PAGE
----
Saturday, September 28, 2013
Toray To Buy Korean Producer Of Water-Purifying Membranes
TOKYO (Nikkei)--Toray Industries Inc. (3402) said Friday that it will buy a South Korean manufacturer of water treatment membranes, and has earmarked a total of 100 billion yen for that acquisition and to purchase U.S. carbon fiber producer Zoltek Cos.
Toray's South Korean unit made a successful bid to win the priority negotiation rights to buy a 56.2% stake in Woongjin Chemical Co. It intends to purchase shares from major stockholders and turn the firm into a subsidiary as early as this year. The acquisition price is estimated at around 40 billion yen.
Woongjin Chemical, which generated 80 billion yen in sales in 2012, makes high-performance fibers and reverse-osmosis membranes for filtering water.
Toray, which controls a quarter of the global market for reverse-osmosis membranes, aims to boost its share to almost 30% through the acquisition, according to President Akihiro Nikkaku. The global leader in this field, U.S. firm Dow Chemical Co., has a market share of slightly more than 30%.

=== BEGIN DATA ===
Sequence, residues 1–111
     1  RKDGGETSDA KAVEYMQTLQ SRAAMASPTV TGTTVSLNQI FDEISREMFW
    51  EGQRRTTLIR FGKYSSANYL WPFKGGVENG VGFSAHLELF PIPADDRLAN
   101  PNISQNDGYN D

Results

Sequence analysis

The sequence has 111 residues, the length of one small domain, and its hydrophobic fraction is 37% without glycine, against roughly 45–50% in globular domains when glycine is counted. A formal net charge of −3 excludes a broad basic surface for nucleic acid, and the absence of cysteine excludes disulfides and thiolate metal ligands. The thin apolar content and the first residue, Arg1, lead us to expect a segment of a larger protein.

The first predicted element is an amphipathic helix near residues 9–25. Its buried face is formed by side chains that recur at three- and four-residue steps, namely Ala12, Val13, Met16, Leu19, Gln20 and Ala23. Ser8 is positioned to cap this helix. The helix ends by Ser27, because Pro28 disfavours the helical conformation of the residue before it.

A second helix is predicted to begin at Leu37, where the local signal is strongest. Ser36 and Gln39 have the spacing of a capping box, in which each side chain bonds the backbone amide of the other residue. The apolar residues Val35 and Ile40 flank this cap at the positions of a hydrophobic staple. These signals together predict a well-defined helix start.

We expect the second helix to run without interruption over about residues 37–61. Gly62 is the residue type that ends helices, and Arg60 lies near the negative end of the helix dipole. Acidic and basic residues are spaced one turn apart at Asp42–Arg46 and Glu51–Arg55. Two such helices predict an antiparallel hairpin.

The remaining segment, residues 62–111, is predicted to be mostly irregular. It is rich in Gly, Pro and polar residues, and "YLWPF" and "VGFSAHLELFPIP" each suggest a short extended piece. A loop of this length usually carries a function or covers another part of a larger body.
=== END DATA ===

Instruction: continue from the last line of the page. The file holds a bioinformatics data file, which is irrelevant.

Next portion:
Toray has strength in high-performance membranes for large facilities, including desalination and wastewater treatment plants, while Woongjin Chemical mainly makes membranes for home water purification systems, so their customers do not overlap. And production synergies are expected because the South Korean factories of Toray's local unit are close to Woongjin Chemical's, according to Toray Vice President Junichi Fujikawa.
Toray, the global carbon fiber leader, also officially announced that it will acquire third-ranked Zoltek for 584 million dollars, or roughly 58 billion yen. The U.S. company logged 18.6 billion yen in sales for the year ended in September 2012. Their combined production capacity accounts for more than 30% of the worldwide total, exceeding that of second-ranked Teijin Ltd. (3401) by almost 20 percentage points.
In line with its medium-term business plan, Toray had focused on overhauling its founding business of textiles, including entering into apparel production. It has expanded its capacity for carbon fiber at home and abroad. Even though it had set aside 200 billion yen for mergers and acquisitions, it had barely conducted any large deals until now.
(The Nikkei, Sept. 28 morning edition)